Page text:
Reels vs. TikTok: What You Need to Know
If you’ve had the feeling of déjà vu over the last year as you navigate around Instagram, the culprit is likely the new Reels feature. It’s either that or all your friends are posting “photo dump” slideshows so you’re seeing a lot of those on your feed. Reels looks so familiar because it follows the same formatting as TikTok – in terms of orientation, dimensions, and duration- so they do seem incredibly alike on the surface.
So, what’s the deal with having two such similar video platforms? First, and quite simply, TikTok owns itself and Facebook owns Instagram, which, in turn, owns the Reels section of Instagram. Facebook is a big company and has a history of not wanting competitors to encroach on their business territory. As such, it appears that they created a direct competitor to TikTok simply to take market share and increase their chances to maintain market dominance.
Beyond that background, the questions you also may want to be answered are related to understanding the nuances that differentiate the two platforms, which is best for your business, and how to capitalize on each. So, let’s discuss everything Reels vs. TikTok…
1. The Tunes
TikTok’s success is rooted in its usage of audio- which is fitting, since its first incarnation was as Musical.ly, an app ridiculously named, and specifically designed, to create, and share lip-sync videos.
The audio options have only grown with TikTok’s popularity, and most trends you see on the platform are dependent on the audio circulating. Because of its emphasis on music and audio, TikTok has made it easy for all users to access its audio library- all music and audio clips are available for people to re-use on their own videos, and users can turn their own original posts’ audio into a sound to be spread around in more videos.
Reels offers a much smaller selection of music options, limiting users to royalty-free music clips, but otherwise follows the same design of linking music and original audio to your videos. Though it’s a little behind right now, as Reels grows and develops, there’s no reason to think it won’t be expanding its music options in the future.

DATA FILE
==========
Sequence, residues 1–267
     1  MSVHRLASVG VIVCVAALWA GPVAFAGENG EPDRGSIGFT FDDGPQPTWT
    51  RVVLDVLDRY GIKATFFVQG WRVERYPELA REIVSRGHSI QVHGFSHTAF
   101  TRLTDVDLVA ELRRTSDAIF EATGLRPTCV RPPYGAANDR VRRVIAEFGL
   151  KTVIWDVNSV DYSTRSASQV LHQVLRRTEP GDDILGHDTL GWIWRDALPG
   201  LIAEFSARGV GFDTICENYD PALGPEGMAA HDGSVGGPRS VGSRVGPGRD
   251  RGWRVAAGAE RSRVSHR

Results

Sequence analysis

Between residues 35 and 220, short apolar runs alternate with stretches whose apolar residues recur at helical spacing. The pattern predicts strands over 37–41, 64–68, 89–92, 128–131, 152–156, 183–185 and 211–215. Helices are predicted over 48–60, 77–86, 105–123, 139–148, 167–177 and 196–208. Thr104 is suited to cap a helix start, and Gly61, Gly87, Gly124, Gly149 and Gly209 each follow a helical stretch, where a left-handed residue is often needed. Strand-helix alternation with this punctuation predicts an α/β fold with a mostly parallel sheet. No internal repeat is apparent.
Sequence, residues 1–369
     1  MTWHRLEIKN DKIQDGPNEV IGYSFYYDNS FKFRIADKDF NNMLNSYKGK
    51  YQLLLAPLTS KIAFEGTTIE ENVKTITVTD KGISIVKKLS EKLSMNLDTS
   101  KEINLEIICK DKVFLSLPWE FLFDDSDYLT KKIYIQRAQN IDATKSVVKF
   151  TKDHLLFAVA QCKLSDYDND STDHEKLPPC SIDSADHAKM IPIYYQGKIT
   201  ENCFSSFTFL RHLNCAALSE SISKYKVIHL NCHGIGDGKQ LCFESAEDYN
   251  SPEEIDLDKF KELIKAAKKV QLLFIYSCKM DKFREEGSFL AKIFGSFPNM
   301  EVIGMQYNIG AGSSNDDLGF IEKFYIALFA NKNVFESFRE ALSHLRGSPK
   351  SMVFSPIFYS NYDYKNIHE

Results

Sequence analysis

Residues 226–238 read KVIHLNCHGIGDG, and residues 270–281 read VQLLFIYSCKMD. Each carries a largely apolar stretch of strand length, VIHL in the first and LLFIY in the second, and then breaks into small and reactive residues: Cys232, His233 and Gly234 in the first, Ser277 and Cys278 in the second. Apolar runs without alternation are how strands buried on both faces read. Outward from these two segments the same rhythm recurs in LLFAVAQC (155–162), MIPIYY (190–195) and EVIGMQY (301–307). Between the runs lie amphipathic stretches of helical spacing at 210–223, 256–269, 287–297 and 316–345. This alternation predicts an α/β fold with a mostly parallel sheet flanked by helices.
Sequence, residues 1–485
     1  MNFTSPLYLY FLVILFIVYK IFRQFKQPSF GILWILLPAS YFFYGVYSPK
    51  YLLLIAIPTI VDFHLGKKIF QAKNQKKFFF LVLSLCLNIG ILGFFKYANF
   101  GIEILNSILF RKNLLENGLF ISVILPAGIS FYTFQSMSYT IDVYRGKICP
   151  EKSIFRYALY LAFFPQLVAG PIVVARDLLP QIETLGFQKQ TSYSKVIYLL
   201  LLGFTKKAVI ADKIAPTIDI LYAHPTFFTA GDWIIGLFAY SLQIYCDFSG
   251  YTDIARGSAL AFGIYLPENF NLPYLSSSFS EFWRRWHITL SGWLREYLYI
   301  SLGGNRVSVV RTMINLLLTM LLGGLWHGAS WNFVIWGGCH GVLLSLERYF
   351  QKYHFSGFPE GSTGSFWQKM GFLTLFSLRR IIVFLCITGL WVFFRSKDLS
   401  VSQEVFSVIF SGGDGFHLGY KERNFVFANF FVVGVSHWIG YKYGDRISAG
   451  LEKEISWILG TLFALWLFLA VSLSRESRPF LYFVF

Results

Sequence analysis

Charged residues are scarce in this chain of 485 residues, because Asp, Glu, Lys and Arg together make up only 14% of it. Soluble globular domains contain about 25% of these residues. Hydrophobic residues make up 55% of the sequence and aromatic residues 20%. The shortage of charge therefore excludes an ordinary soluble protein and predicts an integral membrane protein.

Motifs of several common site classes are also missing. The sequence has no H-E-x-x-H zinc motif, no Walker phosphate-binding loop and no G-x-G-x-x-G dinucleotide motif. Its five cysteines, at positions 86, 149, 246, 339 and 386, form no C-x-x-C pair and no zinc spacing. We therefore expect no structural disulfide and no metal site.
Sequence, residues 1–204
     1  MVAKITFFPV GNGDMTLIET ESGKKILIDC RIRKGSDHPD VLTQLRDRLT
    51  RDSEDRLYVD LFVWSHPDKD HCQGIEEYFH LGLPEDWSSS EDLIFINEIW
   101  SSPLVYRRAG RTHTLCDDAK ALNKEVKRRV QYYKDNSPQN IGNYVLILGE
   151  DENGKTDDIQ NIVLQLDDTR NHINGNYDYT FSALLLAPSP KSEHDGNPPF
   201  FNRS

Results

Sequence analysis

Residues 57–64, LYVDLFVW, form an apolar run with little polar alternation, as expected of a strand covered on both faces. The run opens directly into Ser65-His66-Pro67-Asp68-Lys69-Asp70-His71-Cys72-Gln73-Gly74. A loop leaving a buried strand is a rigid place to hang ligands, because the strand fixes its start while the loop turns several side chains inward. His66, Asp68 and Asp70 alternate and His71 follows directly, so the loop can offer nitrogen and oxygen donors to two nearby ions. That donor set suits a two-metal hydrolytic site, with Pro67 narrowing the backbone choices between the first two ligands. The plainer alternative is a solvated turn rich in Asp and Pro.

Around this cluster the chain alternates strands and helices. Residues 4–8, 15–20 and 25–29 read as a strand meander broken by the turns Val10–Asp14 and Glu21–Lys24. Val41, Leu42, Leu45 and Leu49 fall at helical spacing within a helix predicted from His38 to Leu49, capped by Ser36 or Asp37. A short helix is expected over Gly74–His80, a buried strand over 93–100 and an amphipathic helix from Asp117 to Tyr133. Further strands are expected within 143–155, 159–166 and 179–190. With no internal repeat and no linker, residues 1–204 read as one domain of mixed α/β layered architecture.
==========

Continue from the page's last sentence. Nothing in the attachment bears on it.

2. Video Length
For a platform dealing exclusively in video, it’s important to know what kind of timeframe you’re working with. Reels has just increased the time limit for their videos from 30 to 60 seconds, whereas TikTok has recently expanded its own maximum video length to a whopping three minutes. While it’s undoubtedly nice to have options, most videos have remained on the briefer side, as audiences have become accustomed to the shorter videos and have shortened their attention spans appropriately.
Early on, our view, here at iScreamSocialMedia was that the algorithms realized that attention span was short and so quicker videos were prioritized. Today, we still believe shorter videos tend to be better bets, but longer form content, if well-structured and engaging, can thrive on both TikTok and Reels. Depending on what kind of videos you tend to scroll through on TikTok, three minutes might feel incredibly long. (Tip: did you know you could fast forward videos on TikTok by dragging your finger along the bottom of the screen?)
On the flip side, Reels was (until very recently) confining their video content to half a minute. Since Instagram- and by association, Reels- is typically home to more polished and informative content, longer videos would likely be utilized more fervently on that platform as opposed to TikTok.
3. Bells & Whistles
There are incredible options available on Reels and TikTok to dress up your content that you just won’t find on any kind of Instagram Stories addition or a permanent photo post. These include filters, audio, and ways to interact with followers. TikTok is the master of adding cool features, and almost all the fun trends and challenges you see between the two apps start there before they make their way over to Reels.
Features can be added to TikTok videos during and after their creation- as opposed to Reels, where they can only be added after- and there are many more editing tools available on TikTok than on Reels. The result of this imbalance has been for many creators to make content on TikTok and repost it on Reels.
There is also a feature on both Reels and TikTok- called Remixing and Duetting respectively- that allows users to take a posted video and play it side-by-side along with their own video as they react, respond, or just play along with the first video. TikTok has a leg up in this section with its Stitch feature- another way to respond and react to other posted videos.
The features aren’t limited to content creation, though! Both platforms offer ways to advertise products in a way that makes it easy for users to shop as they scroll. TikTok also includes different ways for you to interact with your audience through questions and comments which can be used as links to videos that respond to them.
4. So, which platform should you use?
Both! The phrase “less is more” very rarely applies to marketing on social media, and this is no exception! While the two platforms are similar, their differences can be utilized to fine-tune your content and target different audiences. They can even drive people back and forth between your accounts.
In truth, the main difference between Reels and TikTok is that Reels is an interesting feature on a larger platform, and TikTok deals exclusively with a specific type of content. By engaging with both apps, you can tailor your media to fit your audience and meet your engagement expectations.